This course includes free exercise files, so you can practice while you watch the course. To access all the exercise files in our library, become a Premium Member.

Upgrade now

Are you sure you want to mark all the videos in this course as unwatched?

This will not affect your course history, your reports, or your certificates of completion for this course.


Mark all as unwatched Cancel

Congratulations

You have completed Lens-Reversal Macro Photography.

Return to your organization's learning portal to continue training, or close this page.


OK
Become a member to add this course to a playlist

Join today and get unlimited access to the entire library of video courses—and create as many playlists as you like.

Get started

Already a member?

Become a member to like this course.

Join today and get unlimited access to the entire library of video courses.

Get started

Already a member?

Exercise files

Learn by watching, listening, and doing! Exercise files are the same files the author uses in the course, so you can download them and follow along. Exercise files are available with all Premium memberships. Learn more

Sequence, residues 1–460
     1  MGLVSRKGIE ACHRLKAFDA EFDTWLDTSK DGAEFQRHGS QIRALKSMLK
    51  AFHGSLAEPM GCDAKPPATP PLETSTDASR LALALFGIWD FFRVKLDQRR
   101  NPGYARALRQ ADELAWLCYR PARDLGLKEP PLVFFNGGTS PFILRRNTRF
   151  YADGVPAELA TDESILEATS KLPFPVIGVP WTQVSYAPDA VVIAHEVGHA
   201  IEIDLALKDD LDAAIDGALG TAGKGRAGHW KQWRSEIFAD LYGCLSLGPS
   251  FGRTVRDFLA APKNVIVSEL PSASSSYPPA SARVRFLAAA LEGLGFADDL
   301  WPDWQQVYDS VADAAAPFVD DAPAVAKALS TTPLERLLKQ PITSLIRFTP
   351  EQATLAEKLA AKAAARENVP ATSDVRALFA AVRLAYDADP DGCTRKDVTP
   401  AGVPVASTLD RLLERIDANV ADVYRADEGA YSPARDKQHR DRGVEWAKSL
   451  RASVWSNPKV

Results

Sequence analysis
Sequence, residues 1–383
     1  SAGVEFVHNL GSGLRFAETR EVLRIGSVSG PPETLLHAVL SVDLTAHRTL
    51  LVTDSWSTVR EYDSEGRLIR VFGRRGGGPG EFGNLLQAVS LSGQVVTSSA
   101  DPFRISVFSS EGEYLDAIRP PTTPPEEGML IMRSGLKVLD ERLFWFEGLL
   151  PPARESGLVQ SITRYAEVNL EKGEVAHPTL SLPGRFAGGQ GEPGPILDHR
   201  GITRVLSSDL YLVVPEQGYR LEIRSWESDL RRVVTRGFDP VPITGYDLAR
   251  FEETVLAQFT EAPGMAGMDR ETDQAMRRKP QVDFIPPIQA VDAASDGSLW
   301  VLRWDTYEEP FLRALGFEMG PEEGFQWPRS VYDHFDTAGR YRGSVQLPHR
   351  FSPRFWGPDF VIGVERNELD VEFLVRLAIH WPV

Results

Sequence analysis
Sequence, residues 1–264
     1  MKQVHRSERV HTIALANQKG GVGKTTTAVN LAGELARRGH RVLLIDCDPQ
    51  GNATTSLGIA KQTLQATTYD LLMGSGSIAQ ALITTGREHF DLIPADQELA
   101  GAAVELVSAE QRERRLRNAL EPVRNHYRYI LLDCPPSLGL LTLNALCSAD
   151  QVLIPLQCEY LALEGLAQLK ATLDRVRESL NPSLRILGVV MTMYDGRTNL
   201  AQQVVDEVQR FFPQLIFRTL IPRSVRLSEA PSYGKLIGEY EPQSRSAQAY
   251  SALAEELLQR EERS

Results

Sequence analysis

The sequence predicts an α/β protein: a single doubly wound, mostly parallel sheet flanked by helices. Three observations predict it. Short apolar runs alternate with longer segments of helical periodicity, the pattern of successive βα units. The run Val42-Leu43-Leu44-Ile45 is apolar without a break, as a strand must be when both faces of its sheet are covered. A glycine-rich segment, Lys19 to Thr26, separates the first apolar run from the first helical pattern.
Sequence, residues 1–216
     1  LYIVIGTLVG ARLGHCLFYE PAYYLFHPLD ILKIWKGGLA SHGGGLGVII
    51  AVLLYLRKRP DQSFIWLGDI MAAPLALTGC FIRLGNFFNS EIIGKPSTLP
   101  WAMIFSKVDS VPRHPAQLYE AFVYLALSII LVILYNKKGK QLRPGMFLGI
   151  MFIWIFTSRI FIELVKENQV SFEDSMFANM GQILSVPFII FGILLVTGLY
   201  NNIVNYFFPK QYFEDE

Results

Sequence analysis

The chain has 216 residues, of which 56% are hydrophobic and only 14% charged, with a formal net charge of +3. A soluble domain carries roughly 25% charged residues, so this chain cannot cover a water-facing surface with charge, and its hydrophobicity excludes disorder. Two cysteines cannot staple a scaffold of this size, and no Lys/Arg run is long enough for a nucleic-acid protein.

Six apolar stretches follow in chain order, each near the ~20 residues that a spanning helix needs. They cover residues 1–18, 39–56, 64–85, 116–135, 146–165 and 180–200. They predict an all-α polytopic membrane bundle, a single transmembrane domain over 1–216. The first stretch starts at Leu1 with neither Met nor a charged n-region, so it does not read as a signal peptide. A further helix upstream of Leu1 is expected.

Get started

Already a Premium member?

Exercise files video

How to use exercise files.

Ask a question

Thanks for contacting us.
You’ll hear from our Customer Service team within 24 hours.

Please enter the text shown below:

The classic layout automatically defaults to the latest Flash Player.

To choose a different player, hold the cursor over your name at the top right of any lynda.com page and choose Site preferencesfrom the dropdown menu.

Continue to classic layout Stay on new layout
Welcome to the redesigned course page.

We’ve moved some things around, and now you can



Exercise files

Access exercise files from a button right under the course name.

Mark videos as unwatched

Remove icons showing you already watched videos if you want to start over.

Control your viewing experience

Make the video wide, narrow, full-screen, or pop the player out of the page into its own window.

Interactive transcripts

Click on text in the transcript to jump to that spot in the video. As the video plays, the relevant spot in the transcript will be highlighted.

Thanks for signing up.

We’ll send you a confirmation email shortly.


Sign up and receive emails about lynda.com and our online training library:

Here’s our privacy policy with more details about how we handle your information.

Keep up with news, tips, and latest courses with emails from lynda.com.

Sign up and receive emails about lynda.com and our online training library:

Here’s our privacy policy with more details about how we handle your information.

   
submit Lightbox submit clicked